22, No. 3
NC's New Diligent Recruitment and Retention Plan
Recruitment and retention of families for children in foster care matters a great deal. When we have enough foster and adoptive parents and kin caregivers, it is easier to place children in their home communities and school districts. More siblings can stay together. Careful matching with caregivers is easier. Children awaiting adoption don't have to wait as long for forever families.
Understanding this, North Carolina built a solid network of state, county, and private agencies to find and support resource families. See Figure 1 for a snapshot of this network.
But we've had a bit of a wake-up call. In 2015, federal reviewers concluded we need to improve our system for recruiting and retaining resource families. Rising numbers of children in foster care (Fig. 2) and declines in adoptions of waiting children (Fig. 3) underscore the importance of doing everything possible to find and hang on to families for kids in care.
Knowing we can do better, a broad array of NC stakeholders has developed a plan to help us bring about needed changes. This article will explain our state's vision for the future, our new Diligent Recruitment and Retention (DRR) plan, and what it means for you and your agency.
A Need for Improvement
After the federal review, NC determined that strengthening and reframing our state's diligent recruitment plan would be the best way forward. As part of its federal Program Improvement Plan (PIP), NC promised to recreate our DRR plan and address federal reviewers' concerns by Dec. 31, 2018.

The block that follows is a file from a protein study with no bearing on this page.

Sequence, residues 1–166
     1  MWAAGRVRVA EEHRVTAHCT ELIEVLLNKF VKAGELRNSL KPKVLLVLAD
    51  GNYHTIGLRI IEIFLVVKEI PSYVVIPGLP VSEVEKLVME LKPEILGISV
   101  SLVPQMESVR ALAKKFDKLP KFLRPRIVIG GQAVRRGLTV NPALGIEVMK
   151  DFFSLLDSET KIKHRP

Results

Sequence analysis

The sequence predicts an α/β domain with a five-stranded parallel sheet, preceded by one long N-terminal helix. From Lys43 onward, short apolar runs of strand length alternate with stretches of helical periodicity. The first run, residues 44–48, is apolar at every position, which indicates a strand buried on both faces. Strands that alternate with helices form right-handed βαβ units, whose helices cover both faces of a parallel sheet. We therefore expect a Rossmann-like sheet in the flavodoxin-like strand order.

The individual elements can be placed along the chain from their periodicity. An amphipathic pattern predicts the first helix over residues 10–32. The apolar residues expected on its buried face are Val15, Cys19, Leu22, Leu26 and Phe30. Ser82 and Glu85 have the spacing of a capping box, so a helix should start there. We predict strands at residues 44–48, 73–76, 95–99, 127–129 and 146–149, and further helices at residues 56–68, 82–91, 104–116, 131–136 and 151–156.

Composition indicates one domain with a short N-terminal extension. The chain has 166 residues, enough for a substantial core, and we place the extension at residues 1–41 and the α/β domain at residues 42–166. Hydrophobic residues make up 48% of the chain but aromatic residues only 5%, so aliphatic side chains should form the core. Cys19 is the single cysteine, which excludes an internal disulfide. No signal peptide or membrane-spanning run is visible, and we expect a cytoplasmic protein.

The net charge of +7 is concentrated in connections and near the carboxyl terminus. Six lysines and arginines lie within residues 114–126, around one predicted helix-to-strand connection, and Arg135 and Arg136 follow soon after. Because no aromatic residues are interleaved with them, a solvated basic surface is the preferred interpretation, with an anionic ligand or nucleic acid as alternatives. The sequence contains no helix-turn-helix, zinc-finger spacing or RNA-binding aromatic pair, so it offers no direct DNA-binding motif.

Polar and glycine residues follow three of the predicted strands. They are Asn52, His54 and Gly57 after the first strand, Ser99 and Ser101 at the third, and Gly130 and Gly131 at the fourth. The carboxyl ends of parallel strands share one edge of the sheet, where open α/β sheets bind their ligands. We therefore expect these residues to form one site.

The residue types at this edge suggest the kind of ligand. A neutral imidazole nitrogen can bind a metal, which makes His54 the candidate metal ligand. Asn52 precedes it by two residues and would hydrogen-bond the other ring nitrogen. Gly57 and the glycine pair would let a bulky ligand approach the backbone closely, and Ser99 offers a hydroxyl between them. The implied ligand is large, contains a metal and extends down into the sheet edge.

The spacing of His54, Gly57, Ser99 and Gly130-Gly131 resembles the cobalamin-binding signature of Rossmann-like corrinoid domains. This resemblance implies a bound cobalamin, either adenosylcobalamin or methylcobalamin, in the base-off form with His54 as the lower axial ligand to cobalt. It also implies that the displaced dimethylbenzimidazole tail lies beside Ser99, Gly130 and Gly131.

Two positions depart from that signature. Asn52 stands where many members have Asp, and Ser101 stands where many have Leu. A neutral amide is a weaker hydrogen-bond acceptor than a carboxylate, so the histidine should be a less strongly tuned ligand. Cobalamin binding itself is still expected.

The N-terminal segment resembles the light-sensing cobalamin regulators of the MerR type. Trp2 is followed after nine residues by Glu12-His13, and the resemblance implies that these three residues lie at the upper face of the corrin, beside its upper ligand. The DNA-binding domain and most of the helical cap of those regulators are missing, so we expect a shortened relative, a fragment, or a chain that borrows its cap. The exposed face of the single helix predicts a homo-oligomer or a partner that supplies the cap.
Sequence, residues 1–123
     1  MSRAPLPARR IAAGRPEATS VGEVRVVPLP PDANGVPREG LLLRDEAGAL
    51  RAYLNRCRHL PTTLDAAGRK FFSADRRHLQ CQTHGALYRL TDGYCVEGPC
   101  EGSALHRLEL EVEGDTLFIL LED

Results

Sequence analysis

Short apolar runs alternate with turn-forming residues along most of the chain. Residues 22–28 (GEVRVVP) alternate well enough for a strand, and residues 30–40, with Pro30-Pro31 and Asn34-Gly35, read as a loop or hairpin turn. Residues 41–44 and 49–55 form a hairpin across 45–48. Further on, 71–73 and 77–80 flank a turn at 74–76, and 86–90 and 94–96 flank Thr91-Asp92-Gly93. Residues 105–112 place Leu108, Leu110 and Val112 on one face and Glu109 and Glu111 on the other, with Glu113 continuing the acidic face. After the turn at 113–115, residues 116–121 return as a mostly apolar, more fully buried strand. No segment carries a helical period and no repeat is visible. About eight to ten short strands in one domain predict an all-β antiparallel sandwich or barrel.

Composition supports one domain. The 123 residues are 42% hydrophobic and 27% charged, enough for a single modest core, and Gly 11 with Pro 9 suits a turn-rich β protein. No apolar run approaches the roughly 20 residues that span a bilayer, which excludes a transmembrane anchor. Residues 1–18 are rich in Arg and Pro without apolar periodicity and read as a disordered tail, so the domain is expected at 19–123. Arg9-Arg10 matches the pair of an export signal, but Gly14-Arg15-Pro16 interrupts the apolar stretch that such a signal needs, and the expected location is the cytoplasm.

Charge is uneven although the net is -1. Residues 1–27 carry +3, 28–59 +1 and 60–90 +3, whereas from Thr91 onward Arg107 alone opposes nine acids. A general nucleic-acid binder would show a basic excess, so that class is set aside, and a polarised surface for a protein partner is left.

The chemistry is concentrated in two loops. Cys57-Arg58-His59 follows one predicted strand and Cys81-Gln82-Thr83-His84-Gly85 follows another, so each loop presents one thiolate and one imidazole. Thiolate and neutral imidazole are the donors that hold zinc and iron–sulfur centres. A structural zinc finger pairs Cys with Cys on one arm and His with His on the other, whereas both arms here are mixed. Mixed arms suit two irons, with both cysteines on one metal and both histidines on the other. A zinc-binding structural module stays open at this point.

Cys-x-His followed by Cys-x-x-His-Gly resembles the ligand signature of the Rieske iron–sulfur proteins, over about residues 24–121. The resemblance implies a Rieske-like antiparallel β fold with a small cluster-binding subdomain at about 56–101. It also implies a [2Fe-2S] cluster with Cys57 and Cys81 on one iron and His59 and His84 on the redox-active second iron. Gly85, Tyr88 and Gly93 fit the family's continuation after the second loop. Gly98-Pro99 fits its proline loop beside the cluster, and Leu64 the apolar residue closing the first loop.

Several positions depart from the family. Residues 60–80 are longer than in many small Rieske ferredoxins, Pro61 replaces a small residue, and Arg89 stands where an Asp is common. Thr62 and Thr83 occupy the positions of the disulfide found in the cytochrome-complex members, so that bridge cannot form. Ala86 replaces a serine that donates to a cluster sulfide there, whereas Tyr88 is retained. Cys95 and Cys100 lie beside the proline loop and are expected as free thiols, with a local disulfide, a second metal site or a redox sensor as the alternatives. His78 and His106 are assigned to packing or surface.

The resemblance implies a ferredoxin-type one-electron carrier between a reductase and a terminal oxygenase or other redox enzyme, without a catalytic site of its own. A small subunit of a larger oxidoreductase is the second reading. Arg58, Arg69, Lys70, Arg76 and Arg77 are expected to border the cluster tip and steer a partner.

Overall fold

Creating the Plan
To determine what should be in the new plan, the workgroup held regional stakeholder meetings between October 2016 and January 2017. These were attended by more than 200 people with ties to the recruitment of resource families, and included Division staff, county DSS staff, private agency staff, former foster youth, foster/adoptive parents, GALs, and others.
The workgroup then compiled the notes from these meetings and, with the help of the NRC-DR, crafted the plan in spring 2017. This was an extremely collaborative process; the plan represents the hard work of hundreds of people across the state who are invested in the diligent recruitment and retention of resource parents.
The Division released the new DRR plan June 15, 2017. You can find it here: https://www2.ncdhhs.gov/dss/publications/.
NC's Vision for DRR
The plan then articulates a long-term vision of a future in which North Carolina will eventually have:
Building on a Solid Foundation
County agencies must develop annual DRR Plans. The statewide DRR plan provides a template agencies must use to develop this annual plan. Using this template will ensure county child welfare agencies and the state take a consistent, structured approach to DRR, one that involves measuring progress toward concrete goals. Note: while plans begin with a template, the expectation is that each county's plan will be unique, reflecting differences in culture, geography, etc.
Each county agency's DRR plan will have three parts: